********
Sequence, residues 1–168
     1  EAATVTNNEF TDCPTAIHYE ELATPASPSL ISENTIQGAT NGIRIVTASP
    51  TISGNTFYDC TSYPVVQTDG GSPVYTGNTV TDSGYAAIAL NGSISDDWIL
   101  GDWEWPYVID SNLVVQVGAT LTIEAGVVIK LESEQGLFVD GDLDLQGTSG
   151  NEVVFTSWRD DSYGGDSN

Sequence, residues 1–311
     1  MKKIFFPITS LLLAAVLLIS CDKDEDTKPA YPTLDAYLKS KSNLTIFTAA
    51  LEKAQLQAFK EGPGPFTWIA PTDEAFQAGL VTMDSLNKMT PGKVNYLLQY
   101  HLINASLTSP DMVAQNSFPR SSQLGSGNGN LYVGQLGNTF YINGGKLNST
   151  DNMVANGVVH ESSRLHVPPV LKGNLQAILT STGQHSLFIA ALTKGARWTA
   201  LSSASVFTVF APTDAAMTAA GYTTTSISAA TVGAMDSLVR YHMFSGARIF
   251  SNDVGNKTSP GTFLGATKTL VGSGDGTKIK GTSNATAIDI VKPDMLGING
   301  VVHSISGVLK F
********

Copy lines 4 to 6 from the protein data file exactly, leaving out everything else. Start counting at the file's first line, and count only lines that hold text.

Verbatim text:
   101  GDWEWPYVID SNLVVQVGAT LTIEAGVVIK LESEQGLFVD GDLDLQGTSG
   151  NEVVFTSWRD DSYGGDSN

Sequence, residues 1–311